Authority and Evangelical Churches

During a recent ministry conference I was attending, I was listening to a well-known (and one I respect) leader in men’s ministries.  He was explaining to a pastor why women leading Sunday School classes didn’t work.  His explanation?  “Men won’t accept the authority of a woman.”  He went on to extend this argument, saying that women in his area ended up only pastoring churches that no one else wanted.

Regular visitors to this site are well familiar with my opinion of women in ministry, whether it be in a fictional/Anglican context (At The Inlet) or as they relate to the church I’m presently a part of.   But my friend has brought up this issue in the context that most Evangelicals do when they object to women in ministry: the issue of authority, that it is not right for a woman to be in authority over a man.  Implicit in his statement is the concept that the church has some kind of authority and that authority is exercised in the teaching and pastoral roles.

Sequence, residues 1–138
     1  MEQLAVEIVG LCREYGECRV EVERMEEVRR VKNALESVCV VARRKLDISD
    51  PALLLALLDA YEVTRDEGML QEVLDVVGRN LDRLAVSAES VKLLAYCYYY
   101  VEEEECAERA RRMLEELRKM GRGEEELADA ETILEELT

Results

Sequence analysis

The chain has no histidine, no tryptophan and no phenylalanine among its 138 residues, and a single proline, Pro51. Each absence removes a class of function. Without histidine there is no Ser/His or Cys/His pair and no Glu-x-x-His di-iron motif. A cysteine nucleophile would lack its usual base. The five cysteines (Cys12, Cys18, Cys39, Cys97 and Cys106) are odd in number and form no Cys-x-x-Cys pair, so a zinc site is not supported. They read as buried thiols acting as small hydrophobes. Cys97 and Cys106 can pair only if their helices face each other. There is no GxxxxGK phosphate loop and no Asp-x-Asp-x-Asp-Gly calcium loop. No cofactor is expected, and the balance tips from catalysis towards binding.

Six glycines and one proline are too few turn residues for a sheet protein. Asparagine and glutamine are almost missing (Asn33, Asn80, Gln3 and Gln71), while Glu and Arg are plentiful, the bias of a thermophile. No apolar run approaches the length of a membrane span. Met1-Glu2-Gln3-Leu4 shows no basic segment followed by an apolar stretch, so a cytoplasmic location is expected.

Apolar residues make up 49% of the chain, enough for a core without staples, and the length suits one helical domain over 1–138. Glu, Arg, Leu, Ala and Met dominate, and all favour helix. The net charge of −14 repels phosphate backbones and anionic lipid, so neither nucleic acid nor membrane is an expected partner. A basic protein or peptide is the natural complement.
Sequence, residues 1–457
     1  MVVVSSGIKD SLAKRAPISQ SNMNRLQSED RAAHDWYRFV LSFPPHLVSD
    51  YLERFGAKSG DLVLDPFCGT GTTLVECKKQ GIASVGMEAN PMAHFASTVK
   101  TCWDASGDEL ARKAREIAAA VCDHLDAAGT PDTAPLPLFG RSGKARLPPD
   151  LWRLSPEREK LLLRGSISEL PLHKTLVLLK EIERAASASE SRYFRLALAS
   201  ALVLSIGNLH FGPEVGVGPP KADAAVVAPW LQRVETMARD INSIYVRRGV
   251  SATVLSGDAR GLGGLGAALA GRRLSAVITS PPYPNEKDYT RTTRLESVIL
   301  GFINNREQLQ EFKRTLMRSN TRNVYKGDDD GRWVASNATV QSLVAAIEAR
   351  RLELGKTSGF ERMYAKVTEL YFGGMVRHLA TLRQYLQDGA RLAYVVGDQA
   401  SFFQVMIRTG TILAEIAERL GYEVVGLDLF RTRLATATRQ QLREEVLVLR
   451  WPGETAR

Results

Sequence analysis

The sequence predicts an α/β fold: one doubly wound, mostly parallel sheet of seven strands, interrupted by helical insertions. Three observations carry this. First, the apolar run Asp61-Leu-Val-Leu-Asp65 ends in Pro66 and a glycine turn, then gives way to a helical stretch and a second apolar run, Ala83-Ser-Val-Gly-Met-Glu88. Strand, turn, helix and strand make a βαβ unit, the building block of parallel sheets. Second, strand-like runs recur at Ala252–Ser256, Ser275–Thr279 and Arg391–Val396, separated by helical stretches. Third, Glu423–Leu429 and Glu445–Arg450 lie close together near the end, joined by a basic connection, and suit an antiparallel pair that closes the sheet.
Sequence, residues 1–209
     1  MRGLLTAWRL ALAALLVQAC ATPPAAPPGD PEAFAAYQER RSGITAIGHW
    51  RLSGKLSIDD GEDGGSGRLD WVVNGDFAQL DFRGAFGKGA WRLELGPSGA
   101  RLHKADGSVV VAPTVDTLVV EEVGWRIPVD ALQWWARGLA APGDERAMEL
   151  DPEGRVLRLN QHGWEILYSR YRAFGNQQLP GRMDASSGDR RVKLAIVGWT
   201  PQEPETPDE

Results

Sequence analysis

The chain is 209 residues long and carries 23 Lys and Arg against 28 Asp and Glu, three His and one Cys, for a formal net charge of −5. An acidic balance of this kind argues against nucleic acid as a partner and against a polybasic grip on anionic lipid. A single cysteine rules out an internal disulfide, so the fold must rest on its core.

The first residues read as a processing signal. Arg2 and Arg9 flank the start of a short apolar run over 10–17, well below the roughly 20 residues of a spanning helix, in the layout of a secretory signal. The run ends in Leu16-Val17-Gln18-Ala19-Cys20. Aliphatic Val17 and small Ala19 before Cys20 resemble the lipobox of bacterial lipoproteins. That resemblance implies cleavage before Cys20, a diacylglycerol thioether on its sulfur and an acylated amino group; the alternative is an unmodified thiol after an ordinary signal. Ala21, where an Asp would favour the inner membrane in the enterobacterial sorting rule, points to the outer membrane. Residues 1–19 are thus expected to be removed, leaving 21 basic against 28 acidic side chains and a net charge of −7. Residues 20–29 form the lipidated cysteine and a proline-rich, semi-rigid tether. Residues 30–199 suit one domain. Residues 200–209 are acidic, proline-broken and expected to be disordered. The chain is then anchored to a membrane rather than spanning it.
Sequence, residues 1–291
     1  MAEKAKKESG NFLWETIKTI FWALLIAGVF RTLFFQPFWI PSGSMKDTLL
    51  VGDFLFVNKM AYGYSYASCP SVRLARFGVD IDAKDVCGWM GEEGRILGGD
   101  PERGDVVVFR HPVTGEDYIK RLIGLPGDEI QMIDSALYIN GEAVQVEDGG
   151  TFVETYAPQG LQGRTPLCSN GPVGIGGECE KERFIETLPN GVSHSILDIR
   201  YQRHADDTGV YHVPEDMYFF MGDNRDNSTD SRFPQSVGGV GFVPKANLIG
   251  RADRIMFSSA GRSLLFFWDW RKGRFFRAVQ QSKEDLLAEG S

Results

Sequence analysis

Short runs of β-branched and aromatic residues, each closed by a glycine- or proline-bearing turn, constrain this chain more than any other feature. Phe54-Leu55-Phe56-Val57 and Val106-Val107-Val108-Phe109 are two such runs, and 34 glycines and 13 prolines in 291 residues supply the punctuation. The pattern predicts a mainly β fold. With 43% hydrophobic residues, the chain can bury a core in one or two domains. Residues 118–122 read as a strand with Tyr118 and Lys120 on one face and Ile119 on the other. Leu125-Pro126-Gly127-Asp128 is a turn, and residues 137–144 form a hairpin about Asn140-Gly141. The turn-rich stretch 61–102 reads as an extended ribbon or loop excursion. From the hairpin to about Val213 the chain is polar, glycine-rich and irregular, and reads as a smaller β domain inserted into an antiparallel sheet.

In spite of the fact that all we hear people talk about is freedom, the issue of authority is one that interests everyone, Christian and non-Christian alike.  Even an atheist like Philip Pullman of Golden Compass fame can be characterised almost as anti-authoritarian as he is anti-theistic.  The evil kingdom in the movie is called “Magisterium,” and not by accident.  Evangelicals may miss it, but Roman Catholics will not: magisterium is the idea of Catholicism that the church has authority invested in it by God to make authoritative pronouncements on matters of faith and morals, and in the all-inclusive concept of Roman Catholicism that means just about everything.  That kind of assertion invites rebellion, and rebellion is something that the Catholic church continues to experience a great deal of, be it Continental Masonry, Pullman or Dan Brown’s Da Vinci Code.